Can bandha refer to our natural tendency to hold, constrict, channel, and otherwise modulate our breathng mechanism in response to stressors, or should the definition of bandha be limited to the intentional techniques of breath manipulation more commonly referred to in yoga practice?

Can the yogic model of the five koshas help us experience the action of bandha on more subtle dimensions of our being?

Should bandha be taught to beginning students?

What is the relationship between traditional descriptions of the static application of bandha wherein the body is unmoving and the breath is retained, and the modern context of bandha practiced while the body and breath are in motion?

The great thing about using questions as an entry point into a practice-based group inquiry is that we can benefit tremendously from learning to be comfortable with not arriving at final answers. In fact, along with all the insights we generate, we usually end up with more questions than when we started.  I’ve learned to offer a disclaimer to that effect at the beginning of every workshop I teach.

If I had to to pick one perspective that’s been changed the most by my  last 14 years at The Breathing Project, it would be just that;  a greatly increased tolerance for having my answers questioned.  Or, as Richard Feynman so succinctly put it:

“I would rather have questions that can’t be answered than answers that can’t be questioned.”

There are still a few spaces left in the immersion. It runs Monday thru Friday, July 24–28. Here’s a link to the full description and registration page.  We have assembled a truly wonderful international group of students, and I’d love for you to join us.

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Istanbul!

There’s such political turmoil in the world, and I admit I was a bit concerned about a trip to Istanbul, but now that we’ve arrived I’m thrilled. Later this week I’ll be teaching for Cihangir Yoga but for the next few days Lydia and I will be touring the city and enjoying this gorgeous view.

View of Topkapi Palace over the Bosphorus at dusk, shot from the Karaköy neighborhood

There are always challenges (see my Instagram of a mob waiting to go through John F. Kennedy Airport’s TSA last night) to the troubling state of our current government, but for now we’re loving this full moon rising over the Bosphorus.

Full moon rising over the Bosphorus

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Prequels to Beyond Anatomy: A Somatic Symposium, coming this weekend

We’re in the final preparations for this weekend’s Beyond Anatomy: A Somatic Symposium at my New York City studio, The Breathing Project, and I’ve realized I neglected to post links to three wonderful podcast interviews by Brooke Thomas of Liberated Body and an interview with Brette Popper on YogaCity NYC! Better late than never, here they are:

Pete Blackaby: “Whether we open fully to the world or shrink back from it will be dictated by the kind of world we have met, and the support, or lack of it, we feel we have had.”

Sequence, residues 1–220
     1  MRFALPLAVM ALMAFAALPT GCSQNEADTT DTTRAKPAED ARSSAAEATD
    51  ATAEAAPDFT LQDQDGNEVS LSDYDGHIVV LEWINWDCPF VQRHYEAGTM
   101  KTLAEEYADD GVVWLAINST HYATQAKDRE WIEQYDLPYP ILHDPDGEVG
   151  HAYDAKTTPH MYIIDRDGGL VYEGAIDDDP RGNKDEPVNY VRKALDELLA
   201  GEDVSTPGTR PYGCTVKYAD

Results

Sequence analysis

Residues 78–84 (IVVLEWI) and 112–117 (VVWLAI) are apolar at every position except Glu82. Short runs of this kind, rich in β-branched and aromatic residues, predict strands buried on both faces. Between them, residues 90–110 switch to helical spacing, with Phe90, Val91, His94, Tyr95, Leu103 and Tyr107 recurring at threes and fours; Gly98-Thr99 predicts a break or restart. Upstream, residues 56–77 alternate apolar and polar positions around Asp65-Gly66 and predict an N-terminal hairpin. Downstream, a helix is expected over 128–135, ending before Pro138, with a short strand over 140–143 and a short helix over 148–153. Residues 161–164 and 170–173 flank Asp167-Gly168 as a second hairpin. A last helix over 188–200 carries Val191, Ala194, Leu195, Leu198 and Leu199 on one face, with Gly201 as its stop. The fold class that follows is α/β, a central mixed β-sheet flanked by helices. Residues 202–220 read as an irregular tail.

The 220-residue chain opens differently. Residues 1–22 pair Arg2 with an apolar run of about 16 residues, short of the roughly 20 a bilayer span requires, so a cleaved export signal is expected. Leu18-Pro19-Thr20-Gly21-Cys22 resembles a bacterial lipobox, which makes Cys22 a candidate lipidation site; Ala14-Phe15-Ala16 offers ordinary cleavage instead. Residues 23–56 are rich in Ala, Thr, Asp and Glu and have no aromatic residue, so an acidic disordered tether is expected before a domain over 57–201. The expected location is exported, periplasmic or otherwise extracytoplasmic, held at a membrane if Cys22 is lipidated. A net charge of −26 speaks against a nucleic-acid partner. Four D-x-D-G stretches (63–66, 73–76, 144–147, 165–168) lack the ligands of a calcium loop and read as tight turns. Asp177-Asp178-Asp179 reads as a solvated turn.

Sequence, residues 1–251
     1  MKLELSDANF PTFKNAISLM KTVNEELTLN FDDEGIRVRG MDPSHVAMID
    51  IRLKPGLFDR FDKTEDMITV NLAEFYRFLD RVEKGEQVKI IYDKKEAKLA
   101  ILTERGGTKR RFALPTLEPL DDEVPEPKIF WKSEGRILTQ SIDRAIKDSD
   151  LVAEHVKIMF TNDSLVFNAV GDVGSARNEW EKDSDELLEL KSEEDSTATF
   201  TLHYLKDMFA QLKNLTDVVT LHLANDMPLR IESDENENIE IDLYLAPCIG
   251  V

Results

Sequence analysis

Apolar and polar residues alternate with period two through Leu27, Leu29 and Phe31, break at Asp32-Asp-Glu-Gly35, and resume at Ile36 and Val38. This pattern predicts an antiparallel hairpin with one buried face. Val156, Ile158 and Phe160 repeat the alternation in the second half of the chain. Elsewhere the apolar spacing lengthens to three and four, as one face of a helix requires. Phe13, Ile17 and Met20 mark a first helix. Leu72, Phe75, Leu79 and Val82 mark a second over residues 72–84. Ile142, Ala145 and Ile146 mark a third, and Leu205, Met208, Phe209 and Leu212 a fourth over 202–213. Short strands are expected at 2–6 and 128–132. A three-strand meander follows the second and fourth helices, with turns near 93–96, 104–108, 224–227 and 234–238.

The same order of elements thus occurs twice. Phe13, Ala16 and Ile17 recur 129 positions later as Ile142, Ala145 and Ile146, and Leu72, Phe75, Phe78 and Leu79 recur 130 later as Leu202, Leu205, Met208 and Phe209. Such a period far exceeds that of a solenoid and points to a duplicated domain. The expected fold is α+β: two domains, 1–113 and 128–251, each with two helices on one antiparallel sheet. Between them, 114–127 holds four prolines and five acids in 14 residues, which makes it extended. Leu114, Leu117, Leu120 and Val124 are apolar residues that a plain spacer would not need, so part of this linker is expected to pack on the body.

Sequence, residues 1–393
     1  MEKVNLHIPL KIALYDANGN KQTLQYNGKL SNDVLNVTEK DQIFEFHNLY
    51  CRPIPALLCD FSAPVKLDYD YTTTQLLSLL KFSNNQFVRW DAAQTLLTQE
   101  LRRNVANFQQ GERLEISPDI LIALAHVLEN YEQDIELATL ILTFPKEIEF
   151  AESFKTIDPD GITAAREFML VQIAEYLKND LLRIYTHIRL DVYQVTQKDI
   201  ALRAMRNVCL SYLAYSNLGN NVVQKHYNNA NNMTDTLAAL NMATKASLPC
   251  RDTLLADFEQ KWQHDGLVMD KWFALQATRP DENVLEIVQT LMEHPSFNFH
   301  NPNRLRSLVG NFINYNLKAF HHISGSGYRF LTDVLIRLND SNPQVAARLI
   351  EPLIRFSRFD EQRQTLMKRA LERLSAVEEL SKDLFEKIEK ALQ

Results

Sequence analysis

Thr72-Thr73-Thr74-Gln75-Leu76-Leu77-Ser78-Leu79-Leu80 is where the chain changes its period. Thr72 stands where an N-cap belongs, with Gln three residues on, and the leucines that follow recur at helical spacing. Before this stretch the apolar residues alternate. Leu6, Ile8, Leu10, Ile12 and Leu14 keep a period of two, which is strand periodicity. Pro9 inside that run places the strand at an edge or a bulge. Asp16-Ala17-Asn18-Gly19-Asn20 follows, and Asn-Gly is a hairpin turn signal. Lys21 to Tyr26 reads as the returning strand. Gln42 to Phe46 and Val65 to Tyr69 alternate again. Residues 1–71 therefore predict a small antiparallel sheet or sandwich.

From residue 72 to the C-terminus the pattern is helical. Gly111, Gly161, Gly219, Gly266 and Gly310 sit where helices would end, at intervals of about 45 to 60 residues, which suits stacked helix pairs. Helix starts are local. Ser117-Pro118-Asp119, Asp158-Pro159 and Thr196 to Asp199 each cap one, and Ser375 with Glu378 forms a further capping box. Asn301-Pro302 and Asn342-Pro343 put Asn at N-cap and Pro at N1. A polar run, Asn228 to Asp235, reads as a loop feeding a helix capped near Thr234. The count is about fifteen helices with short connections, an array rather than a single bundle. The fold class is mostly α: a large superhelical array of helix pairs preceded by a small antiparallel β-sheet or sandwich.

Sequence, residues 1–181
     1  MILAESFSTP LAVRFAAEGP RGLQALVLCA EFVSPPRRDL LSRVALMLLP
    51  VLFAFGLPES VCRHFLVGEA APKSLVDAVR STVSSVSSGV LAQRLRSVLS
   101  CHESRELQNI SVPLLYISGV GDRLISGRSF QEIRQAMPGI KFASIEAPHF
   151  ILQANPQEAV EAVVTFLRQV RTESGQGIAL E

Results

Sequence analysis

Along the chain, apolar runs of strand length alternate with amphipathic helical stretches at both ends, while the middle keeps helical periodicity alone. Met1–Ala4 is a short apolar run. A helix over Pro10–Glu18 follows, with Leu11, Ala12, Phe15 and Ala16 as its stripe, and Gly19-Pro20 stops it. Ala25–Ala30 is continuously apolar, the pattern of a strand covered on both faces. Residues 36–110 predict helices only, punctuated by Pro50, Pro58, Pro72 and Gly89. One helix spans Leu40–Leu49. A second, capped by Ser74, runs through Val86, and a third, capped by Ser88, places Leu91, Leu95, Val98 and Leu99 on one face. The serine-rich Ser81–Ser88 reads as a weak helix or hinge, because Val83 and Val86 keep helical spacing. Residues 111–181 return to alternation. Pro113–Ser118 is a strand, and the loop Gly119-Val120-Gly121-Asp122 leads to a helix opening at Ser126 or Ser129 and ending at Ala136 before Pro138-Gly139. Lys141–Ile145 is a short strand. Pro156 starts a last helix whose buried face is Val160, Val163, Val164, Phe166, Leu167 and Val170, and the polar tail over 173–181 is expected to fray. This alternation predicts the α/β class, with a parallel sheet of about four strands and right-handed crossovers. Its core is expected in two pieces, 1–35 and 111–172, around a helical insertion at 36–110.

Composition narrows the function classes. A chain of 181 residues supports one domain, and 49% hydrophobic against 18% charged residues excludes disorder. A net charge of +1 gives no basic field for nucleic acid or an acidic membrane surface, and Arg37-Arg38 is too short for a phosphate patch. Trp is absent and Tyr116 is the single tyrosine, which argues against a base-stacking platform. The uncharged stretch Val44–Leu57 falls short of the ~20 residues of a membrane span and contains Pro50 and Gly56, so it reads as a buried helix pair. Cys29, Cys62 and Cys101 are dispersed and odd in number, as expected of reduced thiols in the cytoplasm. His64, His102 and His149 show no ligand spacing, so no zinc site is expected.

Leslie Kaminoff: “Healing is different than curing or fixing.”
Amy Matthews: “The movement experience and the psychological experience are completely tied together. They are the same thing. They are indistinguishable.”
An interview by Brette Popper of YogaCityNYC with Leslie, Amy and Pete about the what’s and the why’s of Beyond Anatomy.

There are a few spaces left, Saturday and Sunday, April 1 and 2 from 9:00am-5:00pm. Register NOW to reserve your space!

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Meet the “Beyond Anatomy” presenters: Pete Blackaby, Amy Matthews, Leslie Kaminoff, interviewed by Brooke Thomas

The wonderful Brooke Thomas, creator of The Liberated Body podcast, will moderate our upcoming Breathing Project symposium “Beyond Anatomy” in New York City April 1 & 2.

In this special episode which kicks off the fourth season of her podcast, Brooke asks Peter Blackaby, Amy Matthews and me what “Beyond Anatomy” means to us. I’m sure you’ll find our responses thought-provoking, and hope they’ll inspire you to join us at the Symposium.

We already have people coming from across the country, and even across the pond (Pete has lots of fans in his home country, Britain, and throughout the UK), so sign up while there’s still space. We look forward to seeing you there!

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3 Questions for Three Dog Yoga

Recently I was invited to teach by Anna McLawhorn at her Three Dog Yoga studio in Santa Rosa, CA. Anna had signed up for my online course, Principles, a couple of years ago but had just recommitted to both her own and her studio’s education, declaring “2017 our year of learning.”

When I was first developing my online courses I had hoped to be able to to foster student/teacher relationships well beyond my physical sphere so hearing from Anna and experiencing her enthusiasm for ongoing learning was an inspiration. Often we invite workshop hosts to interview me prior to visiting their studios but this time we turned the tables. I was eager to hear about Anna’s process and path so I posed some questions which I’ve used as seeds for this post.